Erwin, H., Fedewa, A., & Ahn, S.(2012).  Student academic performance outcomes of a classroom physical activity intervention: A pilot study.  International Electronic Journal of Elementary Education, 4(3), 473-487.

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Preschool & Kindergarten Strategies for Complex Behavior Challenges

Preschool and kindergarten teachers are extraordinary, under-appreciated professionals who are confronted with helping children develop the foundation for academic achievement, while often simultaneously developing the social skill prerequisites for learning in students with behavioral challenges.  Some preschool and kindergarten students may also demonstrate “complex behavioral challenges” including significant social, developmental, and sensory processing challenges that must be addressed before they can begin learning.  Early childhood educators are confronted with increasing numbers of students with complex behavioral challenges, along with higher academic expectations and testing requirements for all students (that some typical students may lack the developmental readiness for when they enter preschool or kindergarten). 

The FAB Strategies for Preschoolers & Kindergarteners form is helpful in preparing young children to learn these higher academic skills while simultaneously addressing the needs of any students with complex behavioral challenges.  The FAB “Functionally Alert Behavior” Strategies for Preschoolers & Kindergarteners form offers a checklist of activities to promote attention for learning more complex academic tasks and quickly provide home activity suggestions, particularly for children who enter class lacking the maturity to learn.  The FAB Strategies for Preschoolers & Kindergarteners form is also useful in simultaneously developing the social skills needed for learning in children with complex behavioral challenges. 

Complex behavioral challenges are often related to genetic, perinatal, neurological, developmental, early trauma, sensory processing, environmental, and/or parental stress factors.  Many children with complex behavioral challenges in preschool and kindergarten classes have not yet been identified with special needs or given supplemental services to help them learn. When preschool and kindergarten students are provided with supplemental services (e.g., individual teaching assistant and/or occupational, physical, speech/language, or mental health therapist), coordinating goals and intervention can be challenging and is often the responsibility of the classroom teacher.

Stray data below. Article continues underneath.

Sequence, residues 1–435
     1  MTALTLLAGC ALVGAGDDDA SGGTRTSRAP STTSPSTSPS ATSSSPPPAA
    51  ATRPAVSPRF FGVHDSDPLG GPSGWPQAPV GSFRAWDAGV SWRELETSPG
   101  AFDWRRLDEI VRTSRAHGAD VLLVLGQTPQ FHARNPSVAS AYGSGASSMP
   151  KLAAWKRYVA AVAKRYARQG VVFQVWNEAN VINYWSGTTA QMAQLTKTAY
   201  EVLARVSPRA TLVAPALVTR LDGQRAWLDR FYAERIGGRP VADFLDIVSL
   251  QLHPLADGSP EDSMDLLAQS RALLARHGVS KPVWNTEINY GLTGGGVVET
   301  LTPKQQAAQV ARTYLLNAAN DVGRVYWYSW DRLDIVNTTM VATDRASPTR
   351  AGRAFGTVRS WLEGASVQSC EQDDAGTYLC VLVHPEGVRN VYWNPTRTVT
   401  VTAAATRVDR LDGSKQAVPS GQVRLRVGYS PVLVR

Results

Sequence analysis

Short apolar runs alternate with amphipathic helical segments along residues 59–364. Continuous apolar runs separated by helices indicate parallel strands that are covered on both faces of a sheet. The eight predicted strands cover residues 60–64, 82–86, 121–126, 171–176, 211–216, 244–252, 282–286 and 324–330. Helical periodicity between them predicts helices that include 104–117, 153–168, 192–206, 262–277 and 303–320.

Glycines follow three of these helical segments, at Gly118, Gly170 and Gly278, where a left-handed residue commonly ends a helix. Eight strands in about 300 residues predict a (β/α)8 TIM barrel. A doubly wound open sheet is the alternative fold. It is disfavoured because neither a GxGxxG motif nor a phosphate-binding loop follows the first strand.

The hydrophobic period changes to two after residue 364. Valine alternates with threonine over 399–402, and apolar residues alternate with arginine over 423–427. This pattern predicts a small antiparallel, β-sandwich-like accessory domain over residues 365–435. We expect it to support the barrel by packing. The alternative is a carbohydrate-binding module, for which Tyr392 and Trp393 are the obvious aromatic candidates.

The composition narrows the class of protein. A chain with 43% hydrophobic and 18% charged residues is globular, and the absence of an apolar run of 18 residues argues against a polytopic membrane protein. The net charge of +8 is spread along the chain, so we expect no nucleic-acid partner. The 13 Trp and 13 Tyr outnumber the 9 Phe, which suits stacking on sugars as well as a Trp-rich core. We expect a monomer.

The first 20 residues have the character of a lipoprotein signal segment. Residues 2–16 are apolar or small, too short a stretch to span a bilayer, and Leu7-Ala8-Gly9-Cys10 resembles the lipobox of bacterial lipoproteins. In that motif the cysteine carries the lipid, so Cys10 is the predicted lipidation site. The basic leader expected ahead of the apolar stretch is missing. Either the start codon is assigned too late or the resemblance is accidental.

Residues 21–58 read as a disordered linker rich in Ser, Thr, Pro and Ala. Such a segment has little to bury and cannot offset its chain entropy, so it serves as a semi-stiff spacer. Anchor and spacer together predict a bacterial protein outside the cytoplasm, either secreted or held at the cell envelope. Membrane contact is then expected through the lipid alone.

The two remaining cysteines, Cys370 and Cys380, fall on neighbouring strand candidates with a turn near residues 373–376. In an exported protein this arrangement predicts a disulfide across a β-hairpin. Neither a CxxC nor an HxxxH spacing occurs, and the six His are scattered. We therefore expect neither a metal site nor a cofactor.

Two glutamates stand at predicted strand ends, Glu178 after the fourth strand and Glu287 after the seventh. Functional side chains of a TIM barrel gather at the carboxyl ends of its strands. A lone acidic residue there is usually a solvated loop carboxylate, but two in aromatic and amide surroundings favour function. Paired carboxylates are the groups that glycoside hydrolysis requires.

For children receiving supplemental services the FAB Strategies for Preschoolers & Kindergarteners form helps integrate goals and learning across disciplines.  FAB Strategies are organized in four sections addressing: environmental adaptations, sensory modulation, positive behavioral support, and physical self-control strategies.  The teacher or team lists objective educational goals at the top of the FAB Strategies form, and chooses at least one strategy from each section.  Strategies chosen are checked and underlined for use across disciplines.

A few FAB Strategies options (listed in bold type) are included that can be marked with an X for use by trained occupational, physical, and speech therapists. Two blank lines on the bottom of the form enable teachers and therapists to add strategies not listed on the form.  A line is also included at the bottom of the form for the parent or guardian signature designating that they understand and agree with the strategies used.  The FAB Strategies for Preschoolers & Kindergarteners form is helpful for preschool and kindergarten teachers and therapists in promoting classroom learning.  FABPre&KStrategies